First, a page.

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Does large volatility help?—stochastic population forecasting technology in explaining real estate price process

  • Yuan Cheng
  • Xuehui Han

    ()

This paper investigates the association between real estate demand and the volatility of population changes. In a financial liberalized housing market, the housing mortgage loan implies insurance function to homeowners through the default option. Larger expected volatilities in the population imply a higher value of the default option. When analyzing the impact of the long-term population development on housing prices, the traditional deterministic population forecasting employed by previous research provides limited credibility. By means of the newly developed stochastic population forecasting methodology and counterfactual numerical simulations, we found a huge volatility associated with long-term population forecasting. A positive correlation between the expected volatility of population changes and real estate demand is ascertained. Copyright Springer-Verlag 2013

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File URL: http://hdl.handle.net/10.1007/s00148-010-0349-1
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Article provided by Springer in its journal Journal of Population Economics.

Volume (Year): 26 (2013)
Issue (Month): 1 (January)
Pages: 323-356

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Handle: RePEc:spr:jopoec:v:26:y:2013:i:1:p:323-356
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  1. Luigi Guiso & Paola Sapienza & Luigi Zingales, 2009. "Moral and Social Constraints to Strategic Default on Mortgages," EIEF Working Papers Series 0905, Einaudi Institute for Economics and Finance (EIEF), revised Jun 2009.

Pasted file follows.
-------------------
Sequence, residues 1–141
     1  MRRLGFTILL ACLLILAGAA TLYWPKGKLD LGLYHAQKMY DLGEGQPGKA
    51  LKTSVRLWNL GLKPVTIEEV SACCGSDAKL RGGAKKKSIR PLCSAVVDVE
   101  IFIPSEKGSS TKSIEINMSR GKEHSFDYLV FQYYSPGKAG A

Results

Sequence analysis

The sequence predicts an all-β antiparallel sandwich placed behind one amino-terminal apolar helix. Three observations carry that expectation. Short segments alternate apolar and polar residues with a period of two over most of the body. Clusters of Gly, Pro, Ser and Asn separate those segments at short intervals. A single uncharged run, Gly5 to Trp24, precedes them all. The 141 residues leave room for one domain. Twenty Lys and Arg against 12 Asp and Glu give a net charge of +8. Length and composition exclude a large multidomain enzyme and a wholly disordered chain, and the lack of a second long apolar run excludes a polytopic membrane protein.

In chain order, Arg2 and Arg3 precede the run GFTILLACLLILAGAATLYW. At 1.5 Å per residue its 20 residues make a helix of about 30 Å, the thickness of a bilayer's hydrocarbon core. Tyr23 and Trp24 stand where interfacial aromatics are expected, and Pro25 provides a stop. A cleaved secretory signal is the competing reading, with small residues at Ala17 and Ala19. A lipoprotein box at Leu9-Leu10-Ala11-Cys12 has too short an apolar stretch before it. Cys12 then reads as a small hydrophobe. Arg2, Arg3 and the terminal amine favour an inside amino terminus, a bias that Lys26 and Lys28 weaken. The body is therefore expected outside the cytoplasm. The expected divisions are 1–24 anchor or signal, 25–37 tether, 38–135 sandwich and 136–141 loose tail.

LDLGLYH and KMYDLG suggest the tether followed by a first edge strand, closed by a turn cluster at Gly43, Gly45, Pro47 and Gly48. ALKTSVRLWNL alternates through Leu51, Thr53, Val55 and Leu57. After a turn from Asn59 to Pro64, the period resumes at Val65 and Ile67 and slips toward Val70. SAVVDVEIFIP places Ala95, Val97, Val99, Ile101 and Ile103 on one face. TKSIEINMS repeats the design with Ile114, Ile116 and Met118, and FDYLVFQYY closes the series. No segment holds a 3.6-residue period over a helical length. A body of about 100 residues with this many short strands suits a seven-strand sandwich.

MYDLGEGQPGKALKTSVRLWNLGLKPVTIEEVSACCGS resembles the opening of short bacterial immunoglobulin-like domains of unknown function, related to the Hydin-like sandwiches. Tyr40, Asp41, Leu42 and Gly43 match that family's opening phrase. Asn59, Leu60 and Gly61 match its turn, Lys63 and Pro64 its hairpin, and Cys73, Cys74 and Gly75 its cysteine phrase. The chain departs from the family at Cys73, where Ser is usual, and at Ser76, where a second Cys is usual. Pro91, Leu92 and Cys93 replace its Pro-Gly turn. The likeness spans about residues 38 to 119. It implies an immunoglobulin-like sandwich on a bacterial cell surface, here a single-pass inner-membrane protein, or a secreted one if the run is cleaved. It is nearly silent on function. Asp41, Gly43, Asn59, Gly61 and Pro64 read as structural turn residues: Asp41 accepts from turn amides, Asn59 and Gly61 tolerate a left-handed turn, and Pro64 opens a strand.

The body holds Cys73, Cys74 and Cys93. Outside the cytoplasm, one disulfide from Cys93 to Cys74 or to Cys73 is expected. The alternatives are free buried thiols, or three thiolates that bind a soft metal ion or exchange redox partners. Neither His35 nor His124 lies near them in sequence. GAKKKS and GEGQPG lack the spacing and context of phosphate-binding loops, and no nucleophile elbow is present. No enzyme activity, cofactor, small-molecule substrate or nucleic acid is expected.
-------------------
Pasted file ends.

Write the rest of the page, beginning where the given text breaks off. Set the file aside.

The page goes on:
2. Nathalie Girouard & Mike Kennedy & Paul van den Noord & Christophe André, 2006. "Recent House Price Developments: The Role of Fundamentals," OECD Economics Department Working Papers 475, OECD Publishing.
  3. Andrew B. Abel, 2002. "The Effects of a Baby Boom on Stock Prices and Capital Accumulation in the Presence of Social Security," NBER Working Papers 9210, National Bureau of Economic Research, Inc.
  4. Jan Hoem & Dan Madien & Jørgen Nielsen & Else-Marie Ohlsen & Hans Hansen & Bo Rennermalm, 1981. "Experiments in modelling recent Danish fertility curves," Demography, Springer, vol. 18(2), pages 231-244, May.
  5. Mankiw, N. Gregory & Weil, David N., 1989. "The baby boom, the baby bust, and the housing market," Regional Science and Urban Economics, Elsevier, vol. 19(2), pages 235-258, May.
  6. Andrew B. Abel, 2001. "Will Bequests Attenuate The Predicted Meltdown In Stock Prices When Baby Boomers Retire?," The Review of Economics and Statistics, MIT Press, vol. 83(4), pages 589-595, November.
  7. Han, Xuehui, 2010. "Housing demand in Shanghai: A discrete choice approach," China Economic Review, Elsevier, vol. 21(2), pages 355-376, June.
  8. Hilary W. Hoynes & Daniel L. McFadden, 1996. "The Impact of Demographics on Housing and Nonhousing Wealth in the United States," NBER Chapters, in: The Economic Effects of Aging in the United States and Japan, pages 153-194 National Bureau of Economic Research, Inc.
  9. James B. Kau & Taewon Kim, 1994. "Waiting to Default: The Value of Delay," Real Estate Economics, American Real Estate and Urban Economics Association, vol. 22(3), pages 539-551.
  10. Chester Foster & Robert Order, 1985. "FHA Terminations: A Prelude to Rational Mortgage Pricing," Real Estate Economics, American Real Estate and Urban Economics Association, vol. 13(3), pages 273-291.
  11. Mario Fortin & André Leclerc, 2000. "Demographic Changes and Real Housing Prices in Canada," Cahiers de recherche 00-06, Departement d'Economique de la Faculte d'administration à l'Universite de Sherbrooke.
  12. James M. Poterba, 2001. "Demographic Structure And Asset Returns," The Review of Economics and Statistics, MIT Press, vol. 83(4), pages 565-584, November.
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